PGY-3 Dermatology – University of British Columbia
Hey there! My name is Bolu Ogunyemi and I am a PGY-3 in dermatology at the University of British Columbia.
My hometown is on the other side of the country – St. John’s, Newfoundland and Labrador. I completed my undergraduate training (honors double major in sociology and medical sciences) at Western University in London, Ontario, before graduate training in epidemiology and medical school at Memorial University of Newfoundland in St. John’s.
My interest in dermatology was piqued after shadowing one of the dermatologists while in Newfoundland. I enjoyed seeing patients of all ages and was interested in the tremendous variety of skin disorders. For me, an important draw of dermatology was the ability to diagnose dermatoses clinically, and I really enjoyed working through differential diagnoses.
During medical school, I completed rotations in a skin cancer clinic, pediatric dermatology clinic, and in wound care and contact dermatitis. At that stage I felt that the breadth of dermatology would surely sustain my interest. I began research in psoriasis and psoriatic arthritis and was really interested in new immunomodulatory medications used to treat psoriasis and other skin disorders. I was also quite interested in dermatologic manifestations of systemic diseases such as connective tissue diseases and endocrinopathies.
What does a typical day of clinical duties involve?
What kinds of clinical rotations are required in your program?
The first two years of my program were largely off-service. I completed rotations in family medicine, general internal medicine, and general pediatrics. During this time, I also completed rotations in disciplines closely related to dermatology, including rheumatology, infectious diseases, and plastic surgery.
During PGY-3 to PGY-5, the core dermatology years, residents complete rotations in pediatric dermatology, dermatologic surgery, community dermatology, inpatient dermatology, research, and dermatopathology. As well, structured outpatient clinic rotations give exposure to wound healing, lasers and phototherapy, a combined dermatology and rheumatology clinic, HIV dermatology, and dermatologic oncology. We are given ample elective time and many residents complete electives locally, nationally, or internationally.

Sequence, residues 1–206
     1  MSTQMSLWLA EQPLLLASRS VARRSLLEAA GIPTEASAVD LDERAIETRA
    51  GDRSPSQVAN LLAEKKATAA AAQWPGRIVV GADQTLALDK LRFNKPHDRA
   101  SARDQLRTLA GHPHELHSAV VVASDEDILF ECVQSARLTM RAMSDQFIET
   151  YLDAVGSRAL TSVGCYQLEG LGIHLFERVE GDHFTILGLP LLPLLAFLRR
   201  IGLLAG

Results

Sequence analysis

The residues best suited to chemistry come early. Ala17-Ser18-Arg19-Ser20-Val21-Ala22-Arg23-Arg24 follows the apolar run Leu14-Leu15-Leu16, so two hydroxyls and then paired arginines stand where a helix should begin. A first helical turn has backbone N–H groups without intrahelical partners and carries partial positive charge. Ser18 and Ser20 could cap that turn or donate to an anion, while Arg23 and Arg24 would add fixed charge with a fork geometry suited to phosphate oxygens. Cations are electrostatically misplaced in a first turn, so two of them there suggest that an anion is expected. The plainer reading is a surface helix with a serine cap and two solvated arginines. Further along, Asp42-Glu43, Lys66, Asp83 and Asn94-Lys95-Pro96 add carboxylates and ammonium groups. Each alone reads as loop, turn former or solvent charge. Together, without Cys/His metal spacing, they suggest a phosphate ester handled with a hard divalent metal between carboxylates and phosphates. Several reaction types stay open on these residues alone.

Which of your personality characteristics have been particularly helpful in your field?
Attention to detail. Sometimes the skin reveals subtle clues that may evade the untrained eye. Paying careful attention to the distribution, color, and quality of lesions on palpation are essential in learning dermatology. They say that a dermatology trainee should be able to describe a dermatosis so well that a dermatologist will be able to paint an accurate picture of the eruption or skin lesion!
Communication. Having been involved with public speaking and creative writing most of my life, communication in many forms was something I looked forward to. Effectively being able to communicate with patients and their families, staff physicians, and other colleagues is central to this residency. Dermatologists treat patients of all ages with problems ranging from cosmetic to life-threatening, so being able to communicate with people from all walks of life is essential.
What are the best aspects of your residency?
The ability to make a diagnoses clinically is exhilarating! Armed with only our minds and our eyes (and sometimes a dermatoscope), a physician can diagnose, manage, and reassess many dermatologic disorders. A lab value, imaging result, or monitor won’t tell us how a patient’s skin is doing – it will often be obvious to see. I enjoyed many rotations during medical school. With dermatology, I appreciate the overlap with pediatrics, internal medicine, surgery, pathology, and oncology. There is truly great diversity in this field.